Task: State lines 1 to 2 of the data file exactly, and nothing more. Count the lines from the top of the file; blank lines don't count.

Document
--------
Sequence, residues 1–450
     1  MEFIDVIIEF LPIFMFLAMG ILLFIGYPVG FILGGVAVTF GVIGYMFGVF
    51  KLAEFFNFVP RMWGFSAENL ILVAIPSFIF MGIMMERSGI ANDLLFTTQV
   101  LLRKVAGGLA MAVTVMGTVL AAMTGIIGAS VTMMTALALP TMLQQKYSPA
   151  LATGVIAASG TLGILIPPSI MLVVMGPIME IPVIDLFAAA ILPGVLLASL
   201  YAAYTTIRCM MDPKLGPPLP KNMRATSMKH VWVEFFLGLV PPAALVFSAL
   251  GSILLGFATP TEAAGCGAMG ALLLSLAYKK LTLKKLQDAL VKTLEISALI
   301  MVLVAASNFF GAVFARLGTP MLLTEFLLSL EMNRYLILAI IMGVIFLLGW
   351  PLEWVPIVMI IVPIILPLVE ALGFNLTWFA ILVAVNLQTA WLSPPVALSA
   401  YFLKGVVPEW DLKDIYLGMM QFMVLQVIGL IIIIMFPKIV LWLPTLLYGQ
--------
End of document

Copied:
Sequence, residues 1–450
     1  MEFIDVIIEF LPIFMFLAMG ILLFIGYPVG FILGGVAVTF GVIGYMFGVF